Professor Susan Herman: A Conversation
On January 30, 2021, Susan Herman, Brooklyn Law School’s inaugural Ruth Bader Ginsburg Professor of Law, stepped down as president of the American Civil Liberties Union (ACLU) after serving 12 years in that role and 32 years on the Board of Directors. Herman led the organization through watershed moments, including the challenges of the Trump administration, the pandemic, and the proliferation of state laws limiting liberties, such as voting rights and reproductive freedom, and inflicting unequal treatment on racial minorities and LGBTQ people.
What accomplishments during your 12-year tenure as president are you most proud of?
Over the past four years particularly, the most important part of my role as president was to help keep the ship steady through the turbulence. During this time the ACLU brought over 430 legal actions against the Trump Administration, some of which were existential battles about the rule of law, and over 100 COVID-related lawsuits. The ACLU’s very talented staff, including some Brooklyn Law School alumni, did amazing work despite having to transition to remote work. One of the most significant accomplishments of my tenure, which entailed a great deal of work and process, was major internal governance reform. I think that the new structures we instituted will leave the ACLU stronger and better able to face whatever the future brings. Organizational growth, like personal growth, is essential.
What impact did the last four years have on the ACLU?
So many Americans looked anxiously to the ACLU to defend the fundamental rights and liberties that have been under attack. Because of our work against Trump’s Muslim ban, family separation policies, and so much more, we became better known by mainstream Americans and people all over the world. One person said to me, “Thank God for the ACLU! Without you we’d have no government.” Our public profile grew; our membership base quadrupled; our staff grew. And I hope people will recognize that the need for the ACLU’s work will continue no matter who is in the White House. The Trump years were extreme but not altogether unique. In fact, the ACLU staff believes that we have sued every President since our founding 101 years ago.
Why did you make the decision to step down now?
I was elected in October 2008, so was president for two terms of Barack Obama and one of Donald Trump. The ACLU is now poised, along with the country, to enter a new chapter. I decided to turn over the gavel to someone new because the timing was good for us to have a carefully planned and orderly transition and have new leadership for the beginning of the ACLU’s second century.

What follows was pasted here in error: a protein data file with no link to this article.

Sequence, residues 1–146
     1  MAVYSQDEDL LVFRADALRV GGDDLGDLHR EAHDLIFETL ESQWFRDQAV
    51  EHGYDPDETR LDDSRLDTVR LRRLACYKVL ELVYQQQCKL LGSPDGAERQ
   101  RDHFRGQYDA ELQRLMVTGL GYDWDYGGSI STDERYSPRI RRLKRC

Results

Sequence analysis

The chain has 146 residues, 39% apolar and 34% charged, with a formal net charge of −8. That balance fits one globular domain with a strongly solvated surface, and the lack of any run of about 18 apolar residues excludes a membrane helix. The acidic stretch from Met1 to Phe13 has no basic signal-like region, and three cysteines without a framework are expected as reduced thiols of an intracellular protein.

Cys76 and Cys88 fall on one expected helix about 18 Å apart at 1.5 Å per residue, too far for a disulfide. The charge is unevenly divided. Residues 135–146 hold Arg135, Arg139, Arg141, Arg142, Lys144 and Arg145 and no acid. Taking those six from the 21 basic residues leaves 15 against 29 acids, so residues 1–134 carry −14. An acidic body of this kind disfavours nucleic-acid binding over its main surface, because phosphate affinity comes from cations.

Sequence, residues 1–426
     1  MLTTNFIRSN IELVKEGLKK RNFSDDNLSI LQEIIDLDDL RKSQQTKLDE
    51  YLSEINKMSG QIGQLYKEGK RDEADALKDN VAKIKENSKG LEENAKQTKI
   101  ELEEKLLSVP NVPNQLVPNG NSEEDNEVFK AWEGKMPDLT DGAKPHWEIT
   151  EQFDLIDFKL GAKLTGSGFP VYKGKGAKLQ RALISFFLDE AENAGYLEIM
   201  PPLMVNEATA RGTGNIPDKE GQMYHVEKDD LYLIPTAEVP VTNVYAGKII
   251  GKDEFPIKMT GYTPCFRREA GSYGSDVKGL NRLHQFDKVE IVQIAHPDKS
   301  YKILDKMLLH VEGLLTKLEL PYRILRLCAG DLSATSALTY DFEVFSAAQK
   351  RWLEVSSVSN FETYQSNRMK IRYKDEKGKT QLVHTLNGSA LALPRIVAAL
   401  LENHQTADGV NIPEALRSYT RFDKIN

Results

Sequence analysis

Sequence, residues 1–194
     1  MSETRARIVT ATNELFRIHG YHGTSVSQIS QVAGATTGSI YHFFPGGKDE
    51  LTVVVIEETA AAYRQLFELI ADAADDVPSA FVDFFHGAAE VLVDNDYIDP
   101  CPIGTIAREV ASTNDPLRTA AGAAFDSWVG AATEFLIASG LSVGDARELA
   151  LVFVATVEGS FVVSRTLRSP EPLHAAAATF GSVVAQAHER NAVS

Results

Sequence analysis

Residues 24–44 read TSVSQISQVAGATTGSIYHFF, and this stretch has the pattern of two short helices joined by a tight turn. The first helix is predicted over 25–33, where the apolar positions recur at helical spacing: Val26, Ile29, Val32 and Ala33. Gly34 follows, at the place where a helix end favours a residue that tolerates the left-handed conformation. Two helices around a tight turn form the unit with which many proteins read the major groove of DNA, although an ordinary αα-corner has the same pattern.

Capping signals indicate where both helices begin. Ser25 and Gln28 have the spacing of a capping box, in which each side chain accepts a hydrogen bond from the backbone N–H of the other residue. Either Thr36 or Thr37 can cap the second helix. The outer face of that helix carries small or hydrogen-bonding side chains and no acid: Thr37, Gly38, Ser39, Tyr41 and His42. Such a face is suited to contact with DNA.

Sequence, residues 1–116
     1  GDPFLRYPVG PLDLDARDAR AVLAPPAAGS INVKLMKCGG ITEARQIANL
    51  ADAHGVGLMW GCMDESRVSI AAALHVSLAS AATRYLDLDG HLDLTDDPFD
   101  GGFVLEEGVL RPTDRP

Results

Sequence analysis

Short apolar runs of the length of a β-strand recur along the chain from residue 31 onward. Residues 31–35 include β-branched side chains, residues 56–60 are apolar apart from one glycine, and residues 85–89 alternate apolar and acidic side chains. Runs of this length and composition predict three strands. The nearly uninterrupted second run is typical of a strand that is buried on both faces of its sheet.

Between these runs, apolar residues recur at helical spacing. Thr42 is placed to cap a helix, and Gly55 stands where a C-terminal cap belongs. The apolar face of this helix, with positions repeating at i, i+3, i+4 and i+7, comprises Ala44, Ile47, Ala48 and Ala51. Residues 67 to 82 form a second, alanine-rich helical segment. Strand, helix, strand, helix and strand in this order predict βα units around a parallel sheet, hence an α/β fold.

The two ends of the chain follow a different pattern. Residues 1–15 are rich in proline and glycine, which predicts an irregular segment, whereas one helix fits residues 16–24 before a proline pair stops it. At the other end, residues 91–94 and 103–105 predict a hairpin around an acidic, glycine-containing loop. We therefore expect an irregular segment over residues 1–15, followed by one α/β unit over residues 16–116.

What is the significance of the board’s selection of Deborah Archer as your successor?
Deborah is the first non-white ACLU President—and she played a major role in helping the ACLU grow into a more fully diverse and inclusive organization by having agreed when I asked her 12 years ago to serve as the ACLU’s National Affiliate Equity Officer. Our affiliates and staff are all far more diverse and inclusive now. And the ACLU National Board is now 60 percent people who identify as non-white. The first five presidents were white men; numbers six to eight all have been women. And the first two presidents were ministers while the last four have been constitutional law professors, which says something about how our conception of civil rights and civil liberties has evolved.
What are your hopes for the future direction of the ACLU?
The ACLU is launching some very important racial justice initiatives, building on our previous work against mass incarceration policies, and on the national outrage over the murder of George Floyd. An increasing number of people have been recognizing that the ACLU is, and has been, not just a white liberal organization defending free speech. I think the perception that the ACLU works to defend the rights and liberties of everybody will really blossom with Deborah at the helm. What I have always loved about the ACLU is its ability to connect the dots between liberty and equality for everyone, not just for one particular demographic.
Can you tell us a little about the ACLU's history of women leadership and championing of the rights of women?